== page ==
James Burnham’s second attempt to purge himself of the misunderstood Marxism of his earlier Pareto is the last of the Machiavellians interpreted by Burnham. James Burnham (November 22, – July 28, ) was an American philosopher and .. In a later book, The Machiavellians, he argued and developed his theory that the emerging new élite would better serve its own interests if it retained. Results 1 – 27 of 27 The Machiavellians: Defenders of Freedom by Burnham, James and a great selection of related books, art and collectibles available now at.

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Paul Mattick Home page ; First Published: New EssaysVol. In the latter book, he still tried to explain the problem of power in economic terms, although no longer from the social point of view of Marx but from that of the technocrats.

Nevertheless, he insisted that not the politicians, but those who control the means of production directly, are the real rulers of society.

In the present book he finds that in addition to the economic there are several other modes of analyzing events, bufnham one can reach approximately the same conclusions about history from any number of quite different approaches. This, of course, does not reconcile his former opinion that power must be explained in technical-economic terms — that economics is the determinative of politics — with his present Machiavellian point of view, which deals with the struggle for power in purely political terms.

Burnham begins his exposition of power politics with Dante in order to demonstrate what the Machiavellians are not. Although the real meaning is there, it is rendered irresponsible since it is not subject to open and deliberate intellectual control.

High-minded words of formal meaning are used to arouse passion, prejudice and sentimentality in favor of disguised real aims. This method cannot serve the truth, yet throughout history and down to the present it is consistently used to deceive people in the interests of the mighty.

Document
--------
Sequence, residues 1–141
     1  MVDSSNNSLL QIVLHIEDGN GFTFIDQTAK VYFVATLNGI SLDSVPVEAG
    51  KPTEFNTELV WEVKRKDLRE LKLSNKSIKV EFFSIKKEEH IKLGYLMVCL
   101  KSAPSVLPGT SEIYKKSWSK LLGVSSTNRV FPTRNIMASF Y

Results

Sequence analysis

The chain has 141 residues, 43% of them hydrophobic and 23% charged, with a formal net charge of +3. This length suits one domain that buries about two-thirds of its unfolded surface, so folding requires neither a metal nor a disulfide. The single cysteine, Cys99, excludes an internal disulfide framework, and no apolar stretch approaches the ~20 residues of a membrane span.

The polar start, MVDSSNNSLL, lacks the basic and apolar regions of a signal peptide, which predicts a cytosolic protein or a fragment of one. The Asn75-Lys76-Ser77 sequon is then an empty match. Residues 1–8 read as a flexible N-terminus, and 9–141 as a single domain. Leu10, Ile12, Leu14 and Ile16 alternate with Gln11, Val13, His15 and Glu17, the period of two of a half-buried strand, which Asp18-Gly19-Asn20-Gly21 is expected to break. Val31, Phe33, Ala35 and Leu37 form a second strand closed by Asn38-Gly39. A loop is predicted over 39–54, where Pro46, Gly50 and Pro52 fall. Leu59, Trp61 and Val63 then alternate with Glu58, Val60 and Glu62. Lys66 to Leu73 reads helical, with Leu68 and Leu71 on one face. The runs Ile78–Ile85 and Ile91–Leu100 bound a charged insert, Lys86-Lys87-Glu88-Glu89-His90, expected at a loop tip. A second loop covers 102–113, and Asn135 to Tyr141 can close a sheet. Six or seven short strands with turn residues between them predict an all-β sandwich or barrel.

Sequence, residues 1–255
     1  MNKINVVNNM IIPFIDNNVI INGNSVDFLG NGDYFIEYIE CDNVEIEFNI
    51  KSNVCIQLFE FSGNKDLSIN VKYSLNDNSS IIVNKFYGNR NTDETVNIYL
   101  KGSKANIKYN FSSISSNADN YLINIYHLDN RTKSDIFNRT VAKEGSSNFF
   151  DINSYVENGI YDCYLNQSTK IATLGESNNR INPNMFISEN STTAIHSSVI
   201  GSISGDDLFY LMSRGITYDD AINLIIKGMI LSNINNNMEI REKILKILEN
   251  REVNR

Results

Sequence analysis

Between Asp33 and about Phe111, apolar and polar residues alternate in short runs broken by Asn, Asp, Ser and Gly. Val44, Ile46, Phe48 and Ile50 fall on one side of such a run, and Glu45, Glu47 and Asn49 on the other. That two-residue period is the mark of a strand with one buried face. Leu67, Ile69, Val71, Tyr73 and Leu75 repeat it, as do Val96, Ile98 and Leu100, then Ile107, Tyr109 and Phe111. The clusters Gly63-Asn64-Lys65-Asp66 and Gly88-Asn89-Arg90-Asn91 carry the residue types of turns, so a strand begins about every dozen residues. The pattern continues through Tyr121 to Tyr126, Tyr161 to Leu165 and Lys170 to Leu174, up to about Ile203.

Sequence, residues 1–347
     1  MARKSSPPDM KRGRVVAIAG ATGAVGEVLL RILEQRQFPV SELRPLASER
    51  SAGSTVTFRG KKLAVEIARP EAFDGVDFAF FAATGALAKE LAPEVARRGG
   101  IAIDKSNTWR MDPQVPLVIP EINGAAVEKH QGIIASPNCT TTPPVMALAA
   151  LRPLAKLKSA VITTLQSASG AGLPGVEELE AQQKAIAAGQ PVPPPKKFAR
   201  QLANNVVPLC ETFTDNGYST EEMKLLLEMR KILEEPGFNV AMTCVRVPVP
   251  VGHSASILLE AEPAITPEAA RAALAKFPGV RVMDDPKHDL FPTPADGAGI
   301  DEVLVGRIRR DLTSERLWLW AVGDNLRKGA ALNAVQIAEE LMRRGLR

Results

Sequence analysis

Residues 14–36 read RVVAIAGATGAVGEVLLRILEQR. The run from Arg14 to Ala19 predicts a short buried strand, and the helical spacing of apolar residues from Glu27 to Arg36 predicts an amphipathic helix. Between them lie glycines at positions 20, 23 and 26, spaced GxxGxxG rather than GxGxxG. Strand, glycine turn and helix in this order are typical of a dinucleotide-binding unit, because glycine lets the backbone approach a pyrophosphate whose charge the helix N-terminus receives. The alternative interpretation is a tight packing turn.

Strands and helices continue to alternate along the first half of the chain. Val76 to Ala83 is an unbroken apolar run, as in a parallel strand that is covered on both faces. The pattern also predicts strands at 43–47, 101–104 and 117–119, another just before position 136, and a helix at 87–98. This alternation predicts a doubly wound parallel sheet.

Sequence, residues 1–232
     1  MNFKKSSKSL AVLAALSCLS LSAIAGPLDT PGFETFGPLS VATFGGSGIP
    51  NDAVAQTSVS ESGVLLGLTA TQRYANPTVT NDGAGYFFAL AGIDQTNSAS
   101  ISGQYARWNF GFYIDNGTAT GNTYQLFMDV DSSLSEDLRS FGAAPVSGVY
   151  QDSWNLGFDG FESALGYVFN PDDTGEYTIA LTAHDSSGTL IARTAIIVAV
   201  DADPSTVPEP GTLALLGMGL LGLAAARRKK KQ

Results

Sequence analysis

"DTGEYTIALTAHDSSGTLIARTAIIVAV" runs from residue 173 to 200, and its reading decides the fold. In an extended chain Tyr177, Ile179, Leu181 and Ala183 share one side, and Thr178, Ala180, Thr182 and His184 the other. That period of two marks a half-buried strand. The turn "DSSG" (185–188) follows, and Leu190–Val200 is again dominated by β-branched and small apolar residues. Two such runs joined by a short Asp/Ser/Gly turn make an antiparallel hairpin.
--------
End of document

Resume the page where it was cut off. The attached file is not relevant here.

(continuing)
The Machiavellians, on the other hand, proceed scientifically; they call a spade a spade. Like Dante, Machiavelli, too, pursued a practical goal. But he did not fool himself, nor others, as to the character of the goal nor as to the means to be used to achieve it.

He divorced politics from ethics in the sense that every science must be divorced from ethics or, rather he divorced politics from transcendental ethics in order to locate both ethics and politics in the real world of space and time and history.

He used words not to express his emotions and attitudes, but in such a way that their meaning could be tested and understood in terms of the real world.

And he found that politics is the struggle for power among men. Though it must be said that Machiavelli was often scientific by instinct and impulse rather than design, the modern Machiavellians — Mosca, Michels, and Pareto — have an altogether clear understanding of scientific method. They are fully conscious of what they are doing and of the distinction between an art and a science. Mosca, like all Mechiavellians, Burnham says, rejects any monistic view of history because such theories do not accord with the facts.

And he believes that not only has this always been and is now the case, but that it always will be. Before dealing with Michels and Pareto, Burnham finds it necessary to say a few things about Sorel and the function of myth and violence.